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HMRC Praised For Improving Performance In 2016-17

Friday, January 12, 2018

The UK's Public Accounts Committee has published its annual report into the performance of the UK tax agency, HM Revenue and Customs (HMRC).

The report said, with Brexit around the corner, the agency faces additional pressures and is having to consider how to change its priorities. However, it was praised for improving tax collections and taxpayer services.

The report said, together with HM Treasury, HMRC has to make tough decisions on how it allocates limited resources to its operations to increase tax revenues, protect performance levels, prioritize its transformation and estate programs, and invest in measures to tackle tax evasion, fraud, and error.

"We are particularly concerned about the impacts on the ordinary taxpayer from the growing challenges facing HMRC, and whether HMRC is doing enough to support vulnerable Tax Credits recipients, especially as they transfer to Universal Credit," it said, adding: "There is a lack of incentive for HMRC to reduce Tax Credits fraud and error in the transition period to Universal Credit."

According to the report, in 2016-17, HM Revenue and Customs (HMRC) raised GBP574.9bn (USD786bn) in revenue, an increase of GBP38.1bn (7.1 percent) on 2015-16. The estimated tax gap (the amount that went uncollected) has fallen from 7.9 percent in 2005-06 to six percent in 2015-16, and HMRC's estimate of error and fraud resulting in Tax Credits overpayments increased to 5.5 percent (GBP1.57bn) in 2015-16 (the most recent year available), from 4.8 percent in 2014-15.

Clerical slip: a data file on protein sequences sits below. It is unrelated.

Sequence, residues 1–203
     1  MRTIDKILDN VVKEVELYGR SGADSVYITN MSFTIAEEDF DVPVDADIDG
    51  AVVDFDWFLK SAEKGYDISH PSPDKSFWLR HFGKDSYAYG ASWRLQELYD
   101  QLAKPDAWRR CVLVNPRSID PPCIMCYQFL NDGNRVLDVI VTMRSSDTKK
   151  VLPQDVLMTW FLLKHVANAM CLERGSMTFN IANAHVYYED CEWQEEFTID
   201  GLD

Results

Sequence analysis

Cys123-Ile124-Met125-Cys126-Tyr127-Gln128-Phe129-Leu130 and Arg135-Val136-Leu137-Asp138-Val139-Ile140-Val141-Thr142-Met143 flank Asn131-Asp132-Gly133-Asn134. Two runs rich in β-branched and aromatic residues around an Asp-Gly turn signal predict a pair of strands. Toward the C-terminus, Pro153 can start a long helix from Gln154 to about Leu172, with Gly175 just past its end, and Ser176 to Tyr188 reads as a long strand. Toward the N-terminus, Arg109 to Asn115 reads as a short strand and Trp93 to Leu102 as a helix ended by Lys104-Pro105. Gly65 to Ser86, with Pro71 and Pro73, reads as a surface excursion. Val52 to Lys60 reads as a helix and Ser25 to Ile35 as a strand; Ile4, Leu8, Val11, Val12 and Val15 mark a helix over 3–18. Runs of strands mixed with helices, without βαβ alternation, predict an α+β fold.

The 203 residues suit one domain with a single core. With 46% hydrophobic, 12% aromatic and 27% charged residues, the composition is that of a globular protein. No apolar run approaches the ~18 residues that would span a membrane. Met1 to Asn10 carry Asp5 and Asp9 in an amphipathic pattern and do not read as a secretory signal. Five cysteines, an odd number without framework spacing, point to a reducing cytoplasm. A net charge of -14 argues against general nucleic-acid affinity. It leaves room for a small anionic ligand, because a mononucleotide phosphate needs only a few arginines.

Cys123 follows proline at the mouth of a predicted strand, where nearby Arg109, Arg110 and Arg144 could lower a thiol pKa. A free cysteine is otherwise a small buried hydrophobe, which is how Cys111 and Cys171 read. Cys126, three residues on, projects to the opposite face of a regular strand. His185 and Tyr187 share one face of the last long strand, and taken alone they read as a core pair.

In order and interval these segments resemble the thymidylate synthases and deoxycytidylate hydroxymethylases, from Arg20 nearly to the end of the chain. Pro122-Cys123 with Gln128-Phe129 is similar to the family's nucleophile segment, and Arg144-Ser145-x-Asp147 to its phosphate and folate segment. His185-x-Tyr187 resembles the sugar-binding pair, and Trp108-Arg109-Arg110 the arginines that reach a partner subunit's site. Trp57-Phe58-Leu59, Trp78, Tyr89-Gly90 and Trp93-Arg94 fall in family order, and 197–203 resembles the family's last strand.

The cost of running HMRC in 2016-17 was GBP3.3bn, up from GBP3.2bn in 2015-16. In 2016-17, HMRC improved its customer service by handling 92 percent of calls, compared to 72 percent in 2015-16. However, it drew criticism concerning call answering times. It was said that HMRC now takes four minutes to answer calls, compared with 12 minutes previously. However, this was said to be misleading; it was noted that HMRC now plays automated messages to callers and registers only the remaining time for the purposes of collating figures.

It was noted that HMRC transformation plans include 15 major programs, including closing its national network of offices and relocating to 13 large regional centers, introducing new digital services for individuals and businesses, and updating major systems such as the Customs Declaration Service.

The Committee put forward a number of tax policy recommendations for the agency. It said HMRC should obtain the information from the "Paradise Papers" as soon as possible, and report back to the Committee by March 2018 to set out its response, including any additional revenue likely to be at stake.

In addition, it said HMRC should set out its approach to Brexit tax issues, how it intends to tackle tax credit error and fraud, and should set target levels for reducing the tax gap, including for the SME sector.